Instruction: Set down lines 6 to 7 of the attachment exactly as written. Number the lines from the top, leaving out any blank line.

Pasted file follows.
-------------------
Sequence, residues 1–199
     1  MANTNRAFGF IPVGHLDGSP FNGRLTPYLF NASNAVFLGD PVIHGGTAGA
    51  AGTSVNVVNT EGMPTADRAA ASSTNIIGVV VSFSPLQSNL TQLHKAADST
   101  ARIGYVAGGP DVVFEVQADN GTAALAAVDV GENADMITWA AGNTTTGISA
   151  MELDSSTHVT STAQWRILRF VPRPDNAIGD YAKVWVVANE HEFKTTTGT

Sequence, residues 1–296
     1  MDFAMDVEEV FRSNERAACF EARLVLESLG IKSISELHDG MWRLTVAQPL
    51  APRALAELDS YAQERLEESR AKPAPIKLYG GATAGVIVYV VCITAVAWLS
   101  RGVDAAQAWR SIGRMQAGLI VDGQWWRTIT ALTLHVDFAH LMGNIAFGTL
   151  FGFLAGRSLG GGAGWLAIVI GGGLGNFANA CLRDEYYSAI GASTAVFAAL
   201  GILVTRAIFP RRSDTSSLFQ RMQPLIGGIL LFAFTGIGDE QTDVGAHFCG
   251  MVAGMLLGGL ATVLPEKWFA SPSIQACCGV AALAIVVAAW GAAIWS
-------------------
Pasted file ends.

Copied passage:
Sequence, residues 1–296
     1  MDFAMDVEEV FRSNERAACF EARLVLESLG IKSISELHDG MWRLTVAQPL